Tuscaloosa is said to be further along the road to rebuilding than Joplin, Mo., which was struck by a tornado that killed at least 125, blasted 2,000 homes, took out one of the city’s two hospitals, ravaged big-box stores and smashed several hundred small businesses.

Thankfully, funds for survivors and reconstruction are coming in from many sources, including the Federal Emergency Management Agency (FEMA) and other federal agencies, state and local governments, private insurers, volunteer and faith-based organizations and other non-governmental sources.

Although the rebuilding efforts will likely take years and millions of dollars, thanks to coordinated efforts of state and federal agencies, these devastated communities are on their way to recovery. Handling any large scale disaster, whether manmade or natural, requires coordination and cooperation.

When a disaster strikes, prior planning and clear decisive action can help save lives.  For the latest emergency management training for facility/building managers, contact Allied Universal, Inc. Our new Version 2.0 e-based training system offers the best emergency training system with automated and integrated features. Visit rjwestmore.com for more information and remember to BE SAFE.

Preparing for Disaster: Golden Guardian Program

Sunday, July 31st, 2011
Golden Guardian exercise photo

The Golden Guardian program helps agencies prepare for disaster response and recovery.

The Golden Guardian is an annual event that tests the responsiveness and readiness of a particular area of California for specific disasters. First implemented in 2004, it is now an annual statewide exercise that tests state and local government agencies, volunteer organizations and other entities. The Golden Guardian is the largest disaster planning event of its kind.

The result of multiple agency cooperation, Golden Guardian plans are developed by FEMA Region IX and the California Emergency Management Agency (Cal EMA), among others.

Each year, the Golden Guardian event has a certain theme which reflects on the risks of a potentially devastating natural or man-made disaster. For 2011, the theme was flooding for the inland region of the state.  The event brought together several agencies including the Inland Region Emergency Operations Center, the State Operations Center, federal agencies and partners in the private sector. From May 17th through the 19th, these agencies worked together to forecast the impact of a major flood and examine where responsibilities would lie for cleanup and evacuation as well as health and food assistance efforts. The risk of a major flood is demonstrated by scientists who detailed the availability of an ARKstorm for inland California. This massive storm could potentially create a flooded area 300 miles long and up to 20 miles wide in the Central Valley of California.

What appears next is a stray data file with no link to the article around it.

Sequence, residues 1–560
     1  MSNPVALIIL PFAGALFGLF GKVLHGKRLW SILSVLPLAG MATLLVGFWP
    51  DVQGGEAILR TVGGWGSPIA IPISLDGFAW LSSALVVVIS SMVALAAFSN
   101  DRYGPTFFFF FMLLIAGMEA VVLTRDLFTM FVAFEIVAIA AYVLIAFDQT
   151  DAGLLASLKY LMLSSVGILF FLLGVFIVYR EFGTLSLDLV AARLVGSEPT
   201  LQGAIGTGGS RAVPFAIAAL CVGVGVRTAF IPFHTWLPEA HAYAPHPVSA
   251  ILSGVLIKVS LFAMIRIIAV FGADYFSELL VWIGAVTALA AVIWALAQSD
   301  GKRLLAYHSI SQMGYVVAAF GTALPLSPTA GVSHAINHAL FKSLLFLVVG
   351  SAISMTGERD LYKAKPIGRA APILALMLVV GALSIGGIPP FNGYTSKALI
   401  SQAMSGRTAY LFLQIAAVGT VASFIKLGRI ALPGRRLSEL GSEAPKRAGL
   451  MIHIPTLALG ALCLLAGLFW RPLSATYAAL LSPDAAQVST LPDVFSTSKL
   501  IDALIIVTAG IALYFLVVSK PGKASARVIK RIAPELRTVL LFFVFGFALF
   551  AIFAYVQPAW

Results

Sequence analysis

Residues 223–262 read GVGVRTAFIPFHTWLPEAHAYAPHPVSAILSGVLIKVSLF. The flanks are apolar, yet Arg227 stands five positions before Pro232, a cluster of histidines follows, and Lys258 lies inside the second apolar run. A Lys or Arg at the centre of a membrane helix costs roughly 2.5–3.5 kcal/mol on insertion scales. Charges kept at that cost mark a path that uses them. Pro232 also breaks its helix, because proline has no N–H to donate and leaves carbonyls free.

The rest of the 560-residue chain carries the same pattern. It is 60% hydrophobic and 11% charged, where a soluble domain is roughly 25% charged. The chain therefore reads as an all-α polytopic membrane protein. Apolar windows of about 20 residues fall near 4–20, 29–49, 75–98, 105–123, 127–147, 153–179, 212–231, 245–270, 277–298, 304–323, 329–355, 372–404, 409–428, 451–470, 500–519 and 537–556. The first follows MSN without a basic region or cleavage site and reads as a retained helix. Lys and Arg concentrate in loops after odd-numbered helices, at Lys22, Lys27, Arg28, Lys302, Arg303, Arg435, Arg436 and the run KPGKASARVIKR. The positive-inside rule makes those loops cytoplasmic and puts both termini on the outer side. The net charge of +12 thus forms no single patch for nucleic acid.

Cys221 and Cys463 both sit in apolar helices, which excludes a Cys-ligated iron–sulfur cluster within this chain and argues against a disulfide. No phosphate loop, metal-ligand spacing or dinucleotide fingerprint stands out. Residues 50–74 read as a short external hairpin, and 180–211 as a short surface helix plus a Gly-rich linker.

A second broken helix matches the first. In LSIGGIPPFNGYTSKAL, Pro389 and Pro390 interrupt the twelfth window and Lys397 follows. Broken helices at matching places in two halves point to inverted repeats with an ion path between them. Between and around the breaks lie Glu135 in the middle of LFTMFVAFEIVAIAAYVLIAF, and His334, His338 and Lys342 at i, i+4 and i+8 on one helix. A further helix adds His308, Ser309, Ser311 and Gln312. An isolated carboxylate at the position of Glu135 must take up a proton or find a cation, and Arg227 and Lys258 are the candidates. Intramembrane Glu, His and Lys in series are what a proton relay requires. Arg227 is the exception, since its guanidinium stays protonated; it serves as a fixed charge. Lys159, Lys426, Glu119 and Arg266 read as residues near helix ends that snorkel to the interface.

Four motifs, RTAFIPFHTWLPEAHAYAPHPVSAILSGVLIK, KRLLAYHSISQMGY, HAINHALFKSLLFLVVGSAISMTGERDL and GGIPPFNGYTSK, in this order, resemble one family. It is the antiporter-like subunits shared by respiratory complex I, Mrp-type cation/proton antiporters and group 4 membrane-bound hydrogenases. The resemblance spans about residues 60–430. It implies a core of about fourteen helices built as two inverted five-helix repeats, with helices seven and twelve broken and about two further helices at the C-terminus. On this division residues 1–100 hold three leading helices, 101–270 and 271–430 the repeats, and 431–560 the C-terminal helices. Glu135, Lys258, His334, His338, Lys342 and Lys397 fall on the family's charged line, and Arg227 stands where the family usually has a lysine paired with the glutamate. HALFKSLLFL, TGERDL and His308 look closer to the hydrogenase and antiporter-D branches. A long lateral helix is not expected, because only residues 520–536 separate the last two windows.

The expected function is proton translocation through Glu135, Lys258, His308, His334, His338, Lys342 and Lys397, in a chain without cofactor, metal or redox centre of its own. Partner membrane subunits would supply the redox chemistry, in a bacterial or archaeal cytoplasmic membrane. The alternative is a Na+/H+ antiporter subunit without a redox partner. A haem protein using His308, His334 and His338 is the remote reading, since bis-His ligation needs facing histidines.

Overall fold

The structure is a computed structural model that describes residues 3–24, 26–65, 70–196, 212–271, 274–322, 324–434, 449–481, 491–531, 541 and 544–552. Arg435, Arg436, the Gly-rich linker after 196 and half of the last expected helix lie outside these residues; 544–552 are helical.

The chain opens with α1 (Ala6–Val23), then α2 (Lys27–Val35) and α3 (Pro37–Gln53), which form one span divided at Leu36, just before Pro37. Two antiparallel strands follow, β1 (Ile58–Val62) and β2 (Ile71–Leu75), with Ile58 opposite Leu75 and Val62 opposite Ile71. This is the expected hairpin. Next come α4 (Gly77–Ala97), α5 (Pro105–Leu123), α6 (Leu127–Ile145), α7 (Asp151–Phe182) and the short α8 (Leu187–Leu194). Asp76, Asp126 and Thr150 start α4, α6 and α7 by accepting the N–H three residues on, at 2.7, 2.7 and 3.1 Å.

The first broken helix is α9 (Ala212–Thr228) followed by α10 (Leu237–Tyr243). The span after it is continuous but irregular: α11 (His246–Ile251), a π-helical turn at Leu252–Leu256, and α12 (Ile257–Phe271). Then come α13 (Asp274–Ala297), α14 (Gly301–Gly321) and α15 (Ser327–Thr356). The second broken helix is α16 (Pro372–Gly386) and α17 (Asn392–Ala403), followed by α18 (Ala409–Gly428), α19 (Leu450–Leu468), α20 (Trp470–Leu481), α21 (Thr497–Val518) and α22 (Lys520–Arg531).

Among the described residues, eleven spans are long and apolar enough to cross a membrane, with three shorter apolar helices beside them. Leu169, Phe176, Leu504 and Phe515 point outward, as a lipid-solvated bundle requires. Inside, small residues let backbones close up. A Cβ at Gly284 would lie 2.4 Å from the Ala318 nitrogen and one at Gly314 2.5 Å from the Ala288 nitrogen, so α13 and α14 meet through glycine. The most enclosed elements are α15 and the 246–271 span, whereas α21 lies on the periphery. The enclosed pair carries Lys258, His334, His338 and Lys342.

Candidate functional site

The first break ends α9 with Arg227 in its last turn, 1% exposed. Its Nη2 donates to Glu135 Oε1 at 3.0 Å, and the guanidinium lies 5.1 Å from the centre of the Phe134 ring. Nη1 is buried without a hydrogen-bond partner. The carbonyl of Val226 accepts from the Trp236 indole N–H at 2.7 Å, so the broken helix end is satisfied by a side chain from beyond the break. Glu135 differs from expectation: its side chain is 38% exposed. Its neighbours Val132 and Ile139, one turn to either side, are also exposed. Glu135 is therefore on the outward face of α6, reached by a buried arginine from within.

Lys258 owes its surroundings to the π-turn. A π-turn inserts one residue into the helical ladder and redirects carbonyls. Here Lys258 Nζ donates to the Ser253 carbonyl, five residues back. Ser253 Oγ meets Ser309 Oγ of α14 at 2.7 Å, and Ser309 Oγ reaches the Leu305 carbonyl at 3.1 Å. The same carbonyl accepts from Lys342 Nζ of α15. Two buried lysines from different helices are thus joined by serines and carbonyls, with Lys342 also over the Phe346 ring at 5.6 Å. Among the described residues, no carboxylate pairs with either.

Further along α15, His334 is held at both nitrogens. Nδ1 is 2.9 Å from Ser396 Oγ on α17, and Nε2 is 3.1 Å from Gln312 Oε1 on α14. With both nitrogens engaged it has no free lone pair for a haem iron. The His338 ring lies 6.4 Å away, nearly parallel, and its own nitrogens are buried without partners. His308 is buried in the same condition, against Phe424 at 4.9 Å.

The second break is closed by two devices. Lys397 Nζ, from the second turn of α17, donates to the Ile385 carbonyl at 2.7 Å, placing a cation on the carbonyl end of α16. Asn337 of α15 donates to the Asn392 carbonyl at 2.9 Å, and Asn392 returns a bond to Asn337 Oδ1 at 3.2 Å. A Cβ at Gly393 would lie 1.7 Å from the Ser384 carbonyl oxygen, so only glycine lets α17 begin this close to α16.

The theme for 2012 is a major earthquake in Southern California. For 2013, the theme is a catastrophic earthquake in the Bay Area, for 2014, it is Northwest Coast earthquake and tsunami risks, and in 2015, the theme is civil disturbance. The 2012 event is intended to open discussion about the entire scope of disaster response—from evacuation routes to shelters for domestic animals. A comprehensive review of readiness, the 2012 event will cover such issues as:

  • Protocols for airlifting supplies, including the establishment of offshore Naval resupply ships if necessary.
  • A review of the “Hub and Spoke” concept of focusing assistance efforts on areas where affected individuals will congregate, such as stadiums, schools and open areas
  • Stabilization of public utilities in order to support infrastructure for critical care facilities
  • Management of public information announcements such as traffic guidelines or water safety alerts that will help citizens manage the disaster
  • Estimation about the number of fires resulting from earthquakes and also calculations about the water and personnel needed to combat the fires

Preparation and knowledge are always critical for handling emergencies with speed and sound decision making. Thorough planning helps to uncover unforeseen circumstances and close gaps in safety, logistics and recovery efforts. There are many lessons to be learned from the Golden Guardian campaign that can be applied to individuals as well as business. The first is the benefits of cooperation and the power of groups who work together to achieve goals.